$ ssh -o "ServerAliveInterval 10" -i </path/to/saved/keypair/file.pem> -ND 8888 hadoop@<master.public-dns-name.amazonaws.com>
(The -N option tells ssh not to start a shell, and the -D 8888 option tells ssh to start the proxy and have it listen on port 8888.)
The resulting SSH window will appear to hang, without any output; this is normal as SSH has not started a shell on the master node, but just created the tunnel over which proxied traffic will run.
Keep this window running in the background (minimize it) until you are finished with the proxy, then close the window to shut the proxy down. Open your browser, and type one of the following URLs:
For the job tracker: http://<master.public-dns-name.amazonaws.com>:9100/ For HDFS management: http://<master.public-dns-name.amazonaws.com>:9101/
Killing a Hadoop Job
From the job tracker interface find the hadoop job_id, then type:
% hadoop job -kill job_id
Managing the results of your tasks
Copying files to or from the AWS master node
To copy one file from the master node back to your computer, run this command on the local computer:
$ scp -o "ServerAliveInterval 10" -i </path/to/saved/keypair/file.pem> hadoop@<master.public-dns-name.amazonaws.com>:<file_path> .
where <file_path> can be absolute or relative to the AWS master node's home folder. The file should be copied onto your current directory ('.') on your local computer.
Better: copy an entire directory, recursively. Suppose your files are in the directory example-results. They type the following on your loal computer:
$ scp -o "ServerAliveInterval 10" -i </path/to/saved/keypair/file.pem> -r hadoop@<master.public-dns-name.amazonaws.com>:example-results .
As an alternative, you may run the scp command on the AWS master node, and connect to your local machine. For that, you need to know your local machine's domain name, or IP address, and your local machine needs to accept ssh connections.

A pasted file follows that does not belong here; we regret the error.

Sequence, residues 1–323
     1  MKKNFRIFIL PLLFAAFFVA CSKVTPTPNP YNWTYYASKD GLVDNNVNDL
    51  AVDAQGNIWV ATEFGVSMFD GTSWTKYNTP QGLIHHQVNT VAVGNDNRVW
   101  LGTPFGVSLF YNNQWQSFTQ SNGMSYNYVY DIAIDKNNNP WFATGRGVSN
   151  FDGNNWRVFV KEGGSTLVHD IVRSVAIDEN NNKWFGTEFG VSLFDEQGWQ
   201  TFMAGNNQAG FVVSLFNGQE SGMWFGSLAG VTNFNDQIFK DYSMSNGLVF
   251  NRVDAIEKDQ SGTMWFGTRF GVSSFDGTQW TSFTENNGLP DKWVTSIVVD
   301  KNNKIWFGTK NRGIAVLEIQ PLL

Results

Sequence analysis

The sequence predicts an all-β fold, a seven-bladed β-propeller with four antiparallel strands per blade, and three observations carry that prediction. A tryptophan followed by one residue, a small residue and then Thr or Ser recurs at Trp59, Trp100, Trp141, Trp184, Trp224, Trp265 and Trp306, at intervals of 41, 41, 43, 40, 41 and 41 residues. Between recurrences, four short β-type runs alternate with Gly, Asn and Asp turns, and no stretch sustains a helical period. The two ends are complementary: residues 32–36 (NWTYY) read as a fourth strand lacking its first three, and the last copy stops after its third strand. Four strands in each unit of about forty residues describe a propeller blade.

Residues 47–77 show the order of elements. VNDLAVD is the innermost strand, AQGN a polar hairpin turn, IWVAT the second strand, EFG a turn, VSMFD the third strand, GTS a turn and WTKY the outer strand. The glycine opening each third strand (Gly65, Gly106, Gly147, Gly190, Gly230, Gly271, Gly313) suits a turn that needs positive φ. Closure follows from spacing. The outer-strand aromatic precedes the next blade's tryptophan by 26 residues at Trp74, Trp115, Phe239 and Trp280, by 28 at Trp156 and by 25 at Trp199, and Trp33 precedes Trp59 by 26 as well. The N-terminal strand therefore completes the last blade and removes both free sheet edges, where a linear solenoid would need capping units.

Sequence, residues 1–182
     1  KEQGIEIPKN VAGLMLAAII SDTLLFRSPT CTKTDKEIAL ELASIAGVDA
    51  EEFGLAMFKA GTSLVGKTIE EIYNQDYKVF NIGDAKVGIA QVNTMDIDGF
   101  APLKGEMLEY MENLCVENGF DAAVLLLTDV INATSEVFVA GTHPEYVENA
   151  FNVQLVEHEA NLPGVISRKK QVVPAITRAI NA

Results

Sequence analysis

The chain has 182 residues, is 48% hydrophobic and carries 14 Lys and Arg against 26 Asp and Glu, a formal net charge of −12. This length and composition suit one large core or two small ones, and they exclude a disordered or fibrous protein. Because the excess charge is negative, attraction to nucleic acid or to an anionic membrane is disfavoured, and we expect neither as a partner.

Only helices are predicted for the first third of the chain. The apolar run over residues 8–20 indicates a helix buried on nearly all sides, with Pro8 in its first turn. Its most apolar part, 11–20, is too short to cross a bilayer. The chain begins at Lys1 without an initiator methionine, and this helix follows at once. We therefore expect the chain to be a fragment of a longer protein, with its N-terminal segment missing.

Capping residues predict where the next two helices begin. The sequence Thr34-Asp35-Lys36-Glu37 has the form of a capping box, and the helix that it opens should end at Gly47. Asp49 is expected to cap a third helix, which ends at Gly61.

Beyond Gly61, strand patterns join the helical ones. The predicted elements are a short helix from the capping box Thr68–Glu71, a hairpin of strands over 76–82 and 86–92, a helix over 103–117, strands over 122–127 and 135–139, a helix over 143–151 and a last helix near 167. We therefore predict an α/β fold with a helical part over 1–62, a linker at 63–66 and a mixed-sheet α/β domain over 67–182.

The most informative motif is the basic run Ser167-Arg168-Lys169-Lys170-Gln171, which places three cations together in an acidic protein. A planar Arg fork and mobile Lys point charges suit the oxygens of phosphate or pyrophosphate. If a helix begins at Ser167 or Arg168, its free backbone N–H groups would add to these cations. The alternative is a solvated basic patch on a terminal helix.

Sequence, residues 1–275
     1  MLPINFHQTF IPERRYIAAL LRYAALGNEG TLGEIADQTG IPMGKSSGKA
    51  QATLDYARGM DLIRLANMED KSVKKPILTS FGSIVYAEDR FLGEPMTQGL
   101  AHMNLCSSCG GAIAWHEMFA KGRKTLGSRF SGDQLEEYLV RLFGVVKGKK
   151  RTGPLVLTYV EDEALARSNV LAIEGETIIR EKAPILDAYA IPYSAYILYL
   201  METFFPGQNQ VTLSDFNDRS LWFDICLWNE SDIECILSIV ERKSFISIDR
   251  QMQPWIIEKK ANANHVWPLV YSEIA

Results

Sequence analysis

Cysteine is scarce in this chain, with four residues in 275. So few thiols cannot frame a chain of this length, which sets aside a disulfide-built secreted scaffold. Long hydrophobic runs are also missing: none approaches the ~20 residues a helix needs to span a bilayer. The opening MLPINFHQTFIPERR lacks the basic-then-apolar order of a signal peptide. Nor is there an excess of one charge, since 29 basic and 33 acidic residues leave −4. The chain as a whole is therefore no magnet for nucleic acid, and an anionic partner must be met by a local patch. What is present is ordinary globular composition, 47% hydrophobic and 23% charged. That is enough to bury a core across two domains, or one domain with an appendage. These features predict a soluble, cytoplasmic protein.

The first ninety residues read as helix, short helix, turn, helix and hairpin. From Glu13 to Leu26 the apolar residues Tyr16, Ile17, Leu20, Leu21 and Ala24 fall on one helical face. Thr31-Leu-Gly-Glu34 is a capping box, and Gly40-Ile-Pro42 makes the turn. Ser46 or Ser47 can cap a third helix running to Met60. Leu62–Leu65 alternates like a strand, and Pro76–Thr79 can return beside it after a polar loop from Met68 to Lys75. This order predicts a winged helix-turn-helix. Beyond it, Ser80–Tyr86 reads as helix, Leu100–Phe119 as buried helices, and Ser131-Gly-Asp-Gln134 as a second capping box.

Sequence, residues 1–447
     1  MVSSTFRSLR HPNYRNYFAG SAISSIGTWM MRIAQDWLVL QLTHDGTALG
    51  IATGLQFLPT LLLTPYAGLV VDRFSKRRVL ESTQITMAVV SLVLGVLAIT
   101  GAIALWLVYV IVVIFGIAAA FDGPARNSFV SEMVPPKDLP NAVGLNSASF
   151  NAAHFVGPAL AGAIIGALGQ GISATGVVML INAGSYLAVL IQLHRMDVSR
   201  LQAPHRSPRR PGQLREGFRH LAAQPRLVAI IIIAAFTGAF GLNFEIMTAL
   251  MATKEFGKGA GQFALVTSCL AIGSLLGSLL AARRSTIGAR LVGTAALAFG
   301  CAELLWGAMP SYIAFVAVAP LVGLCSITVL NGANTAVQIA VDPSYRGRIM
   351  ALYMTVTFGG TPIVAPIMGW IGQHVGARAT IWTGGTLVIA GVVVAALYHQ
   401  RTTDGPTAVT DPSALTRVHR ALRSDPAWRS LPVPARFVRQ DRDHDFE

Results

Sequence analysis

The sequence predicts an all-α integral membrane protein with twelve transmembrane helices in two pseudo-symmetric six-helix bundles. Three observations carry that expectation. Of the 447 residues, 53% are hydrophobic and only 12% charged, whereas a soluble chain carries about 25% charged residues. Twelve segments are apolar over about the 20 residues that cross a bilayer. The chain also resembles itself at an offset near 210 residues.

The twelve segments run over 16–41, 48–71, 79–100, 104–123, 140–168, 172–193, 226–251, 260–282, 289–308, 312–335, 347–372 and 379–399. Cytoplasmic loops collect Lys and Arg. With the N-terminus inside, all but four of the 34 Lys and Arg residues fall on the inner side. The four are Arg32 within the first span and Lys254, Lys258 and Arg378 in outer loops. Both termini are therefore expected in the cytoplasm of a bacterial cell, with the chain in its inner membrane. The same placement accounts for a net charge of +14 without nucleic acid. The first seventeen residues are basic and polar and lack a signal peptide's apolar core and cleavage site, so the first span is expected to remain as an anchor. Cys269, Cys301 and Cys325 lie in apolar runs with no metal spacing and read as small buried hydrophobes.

Storing Files in S3
This seems much easier to use. Go to your AWS Management Console, click on Create Bucket, and create a new bucket (=directory). Give it a name that may be a public name. Let's say you call it superman-hw6. Click on the Properties button, then Permissions tab. Make sure you have all the permissions.
In your program, you can write the results to 's3n://superman-hw6/example-results'. When the program terminates, then in your S3 console you should see the new directory example-results. Click on individual files to download. The number of files depends on the number of reduce tasks, and may vary from one to a few dozens. The only disadvantage of using S3 is that you have to click on each file separately to download.
Note that S3 is permanent storage, and you are charged for it. You can safely store all your query answers for several weeks without exceeding your credit; at some point in the future remember to delete them.